“Hope is the thing with feathers– That perches in the soul–,” said Emily Dickenson, who probably had no idea of what a trout fly is, but who certainly understood that
feathers– on a bird or on a fish hook– have a metaphorical link to hope and freedom.
Not long ago, I brought my own version of hope and freedom to the trout stream, to the West Branch Genesee in an evening when the sulphur mayflies were expected, but at a time when I couldn’t see any stream activity for the first quarter hour of fishing. Finally, trout began to rise to an imperceptible insect at the surface of the stream.
Getting refusals to a Sulphur dry fly and a spinner pattern, too, I chanced it with a small, dark imitation (think Ant, Grannom, Midge) and that was the key. I went from the yellowish fly to a dark Grannom (caddis), sparking a blaze of heated casting that raised my hopes and expectation through to nightfall.
Rainbow after rainbow rose to that dark imitation drifting over the pool with undercut banks. They were stocked fish, but strong, leaping trout that averaged 12 or 13 inches long. And that’s the thing about fishing: there is never any certainty about success but, as long as there’s fish in the stream, there’s always the possibility of a catch.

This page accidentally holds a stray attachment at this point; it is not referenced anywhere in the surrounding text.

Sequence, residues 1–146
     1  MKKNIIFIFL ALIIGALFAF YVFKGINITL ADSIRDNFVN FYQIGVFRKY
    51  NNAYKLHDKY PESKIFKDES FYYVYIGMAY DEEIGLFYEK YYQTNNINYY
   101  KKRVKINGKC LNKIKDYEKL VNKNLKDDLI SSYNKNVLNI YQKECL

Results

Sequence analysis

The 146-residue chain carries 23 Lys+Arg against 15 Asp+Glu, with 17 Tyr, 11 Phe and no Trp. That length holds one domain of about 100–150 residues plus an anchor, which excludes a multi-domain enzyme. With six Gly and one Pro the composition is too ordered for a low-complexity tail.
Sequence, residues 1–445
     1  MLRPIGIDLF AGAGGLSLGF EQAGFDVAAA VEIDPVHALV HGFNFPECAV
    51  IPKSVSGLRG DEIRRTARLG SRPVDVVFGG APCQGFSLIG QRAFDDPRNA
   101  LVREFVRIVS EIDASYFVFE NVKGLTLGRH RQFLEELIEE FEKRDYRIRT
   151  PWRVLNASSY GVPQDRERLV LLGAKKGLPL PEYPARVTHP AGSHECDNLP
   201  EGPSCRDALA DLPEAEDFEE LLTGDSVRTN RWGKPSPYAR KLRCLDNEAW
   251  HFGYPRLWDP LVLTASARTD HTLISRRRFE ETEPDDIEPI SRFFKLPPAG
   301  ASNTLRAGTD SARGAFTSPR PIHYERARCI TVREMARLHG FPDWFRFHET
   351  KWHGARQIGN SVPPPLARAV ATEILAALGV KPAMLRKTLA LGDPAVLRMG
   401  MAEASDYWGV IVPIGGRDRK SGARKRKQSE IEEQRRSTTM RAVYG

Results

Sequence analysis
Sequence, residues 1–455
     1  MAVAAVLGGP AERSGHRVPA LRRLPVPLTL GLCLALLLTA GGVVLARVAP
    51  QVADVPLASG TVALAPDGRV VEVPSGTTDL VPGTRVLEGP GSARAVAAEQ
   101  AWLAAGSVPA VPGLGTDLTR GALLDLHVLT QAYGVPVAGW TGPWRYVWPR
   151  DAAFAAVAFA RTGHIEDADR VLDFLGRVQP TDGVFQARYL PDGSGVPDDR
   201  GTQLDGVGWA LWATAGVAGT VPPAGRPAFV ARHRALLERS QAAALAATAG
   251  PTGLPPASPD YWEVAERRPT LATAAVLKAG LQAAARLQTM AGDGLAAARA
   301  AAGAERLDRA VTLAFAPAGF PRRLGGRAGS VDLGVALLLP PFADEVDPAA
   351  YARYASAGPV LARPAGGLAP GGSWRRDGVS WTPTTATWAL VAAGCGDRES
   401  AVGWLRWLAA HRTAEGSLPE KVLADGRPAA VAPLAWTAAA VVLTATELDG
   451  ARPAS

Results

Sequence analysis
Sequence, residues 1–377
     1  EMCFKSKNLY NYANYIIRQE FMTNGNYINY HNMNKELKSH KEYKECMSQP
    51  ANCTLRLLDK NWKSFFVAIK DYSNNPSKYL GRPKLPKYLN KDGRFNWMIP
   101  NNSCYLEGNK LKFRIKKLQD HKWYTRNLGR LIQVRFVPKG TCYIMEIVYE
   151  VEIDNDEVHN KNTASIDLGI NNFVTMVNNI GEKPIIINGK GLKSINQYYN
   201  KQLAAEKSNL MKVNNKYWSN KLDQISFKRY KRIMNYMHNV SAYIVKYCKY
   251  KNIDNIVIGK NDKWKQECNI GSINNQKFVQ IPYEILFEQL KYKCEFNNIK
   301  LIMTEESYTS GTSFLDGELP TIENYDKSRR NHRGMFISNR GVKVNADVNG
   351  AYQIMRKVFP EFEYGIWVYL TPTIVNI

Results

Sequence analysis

Although the great majority of our casts do not connect with any living emissary from the depths, every now and then our gamble pays off with a beautiful life form for our eyes (or stomach) to feast upon.
We catch a fish; we reinforce our ego and strengthen an image of ourselves as angler or as someone with a shard of natural wisdom. That’s how it goes, at least in theory.
A few nights later I returned to the same stretch of Genesee headwaters, feeling pretty confident about renewed success with the trout. There was no more guarantee or certainty in this act of fishing than in any other aspect of life, but I did approach the water with an increased heart rate and the hope for renewed enjoyment.
I also returned with a 25 year-old fly rod, an Orvis Superfine that had been my first ever graphite wand. The company had guaranteed the new rod against breakage of any kind for 25 years, but that night the guarantee was expiring.
If I broke the rod on its 25th birthday there was always the chance that the company would replace it with a comparable new Superfine model, but there was no way I wanted to do that. I’m not crazy about dishonesty and, besides, I had too many pleasant memories wrapped up in the use of that old fly rod.
I expected another good evening with the rod and, yeah, I got it, luckily enough. Trout rose quickly to a Cahill or a Green Drake floater, and I knew from experience that I’d better enjoy every moment of the action while I could. Most nights to come wouldn’t be so wild and carefree.
When the world of work or economic strain or politics or religious fervor or personal grief gets too heavy and begins to challenge our hope and happiness, it’s nice to know there’s another life close by that offers temporary peace and refuge. It might be on a mountain or a seashore, in a forest or a desert or a prairie, or even in a backyard or a city park.
One of my favorite places is wherever mind and body can embrace a small stream and its secret (or not so secret) lives. That’s my place where the thing with feathers can be found.